If you know me in real life, you know how hard it is for me to keep my mouth shut.
As I type this, in a public place, I am
eavesdropping overhearing a conversation that I have overheard in many forms over the years. It makes my insides churn every time. It makes me livid. It makes me want to jump up and go over there and smack those people upside the head. I am generally not a violent person, but sometimes I have visions of myself exacting my own vigilante brand of vengeance on these people who are so oblivious.
Why do people have to be so ignorant? People who make rash statements and judgments, such as the ones I am currently hearing thrown around, are people who clearly have no personal experience with the subject matter about which they are speaking. They make rash judgments without any background knowledge about the people or situations on which they speak so freely. Generally, in my experience, they are very insecure and need to make themselves appear “better” in some way, than the person they are slandering.
The conversation my ears are currently being assaulted by is about a child I know, how out of hand his behavior is and how ADHD is not real. How it is an imagined disability that people use as an excuse for bad behavior…or in the words of the educated adult male who is driving this conversation, “an excuse to act like a retard”. According to this fellow, this behavior is not to be tolerated and this man’s parents would have never tolerated such disrespect and all those so-called “ADHD” kids need is discipline, a swift kick in the…Wait, what? What did he say? Oh, NO he dint!!! Oh yes, he did.
He used the “R” word.
My blood is boiling right now.
The conversation could have just as easily been about someone with Tourette’s, someone on the autism spectrum, someone with severe learning differences, someone with Down’s or any number of other challenges people face. He could have been talking about my child. Or your child.
This word is so incredibly offensive to me. It is a word I do not use. It is a word I do not allow my children to use. In my opinion, it is not a word that should be used. Ever. If you must use a term to describe people who are, what was termed mentally retarded in the old days, feel free to join the 21st century and utilize the terms intellectually challenged or intellectual disability. Or better yet, don’t say anything at all. It is probably none of your business anyway. Didn’t your mama ever tell you that “if you don’t have anything nice to say, then don’t say anything at all”?? I know mine did.
What is wrong with the “R” word, you ask? First of all, you should not have to ask. Second of all, to me, as the parent of a child with special needs and as a human being, it is no different than any other derogatory slur used to describe a person. Yet, people throw the “R” word around like it is funny.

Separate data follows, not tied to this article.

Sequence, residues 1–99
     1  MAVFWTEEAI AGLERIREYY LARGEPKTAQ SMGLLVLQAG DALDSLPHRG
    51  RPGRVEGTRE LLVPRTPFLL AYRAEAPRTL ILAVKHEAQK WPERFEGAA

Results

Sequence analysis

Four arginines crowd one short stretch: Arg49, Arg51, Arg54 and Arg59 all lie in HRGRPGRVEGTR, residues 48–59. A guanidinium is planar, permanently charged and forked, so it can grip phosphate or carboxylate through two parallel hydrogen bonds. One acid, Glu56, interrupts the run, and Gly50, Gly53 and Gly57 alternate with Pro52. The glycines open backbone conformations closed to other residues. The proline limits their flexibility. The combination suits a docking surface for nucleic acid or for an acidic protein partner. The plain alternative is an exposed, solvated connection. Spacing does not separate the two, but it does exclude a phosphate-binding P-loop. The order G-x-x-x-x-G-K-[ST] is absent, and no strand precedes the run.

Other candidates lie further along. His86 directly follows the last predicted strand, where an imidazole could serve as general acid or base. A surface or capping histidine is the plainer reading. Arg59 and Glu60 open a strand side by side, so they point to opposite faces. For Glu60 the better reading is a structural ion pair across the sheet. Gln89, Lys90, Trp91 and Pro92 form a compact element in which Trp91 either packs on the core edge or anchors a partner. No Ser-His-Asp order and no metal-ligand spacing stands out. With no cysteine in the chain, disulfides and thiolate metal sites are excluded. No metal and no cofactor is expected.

“Oh, he’s such a retard.”
“That is so retarded.”
“Stop acting so retarded!”
<cue the laugh track,right?>
But is it funny?
Is it funny to call a person the “N” word, fag, wop, kike, or gook? Of course not. These words are considered unacceptable, even hate speech, in society today. Are you offended yet? Are you offended just reading those references? I hope so. You should be. And you should be no less offended if someone refers to your loved one or anyone else as a retard. In my opinion, it is no different. It is a term meant to demean, disparage, belittle. Yes, I am ranting here. And perhaps even overreacting. But this comes from a deeply personal place for me.
No, my child does not have ADHD, but my child is on the autism spectrum and does have challenges that might manifest themselves in some behaviors others might consider unusual at times. But the reference is no less offensive to me. It is as if this man is speaking about my own child—insulting my own child.
But it’s just a word, you say? It is a word, yes. And so are those other words I mentioned, “just words”. They are words that cut deep into the heart of a person. They are words that attach themselves to the mind of a person. They are words that bring up strong feelings and reactions. They are at the least, unkind, and at the worst, deeply scarring. Words can hurt. That old adage, “sticks and stones can break my bones, but words can never hurt me” is a big, fat lie. It is simply a defense mechanism meant to buy you some time until you can get home and cry your eyes out.
My mama and daddy also taught me that we should look at others with the eyes of Christ. How would Jesus treat that person? Is it really so hard to see people first as God’s children and not as their behaviors or various diagnoses? Can we see them, instead, as children of God who need compassion and understanding, not harsh judgment and slander? People are more than the sum of their diagnoses. And they deserve more than to be talked about with such insensitivity—in public, no less!
We don’t always know what is going on behind closed doors.
And we don’t always know who is overhearing our conversations.
The oblivious guy has finally shut his mouth now. And by some miracle, I managed to keep mine closed as well.
Thank God I have y’all to talk to or else I might be getting hauled off to jail right about now.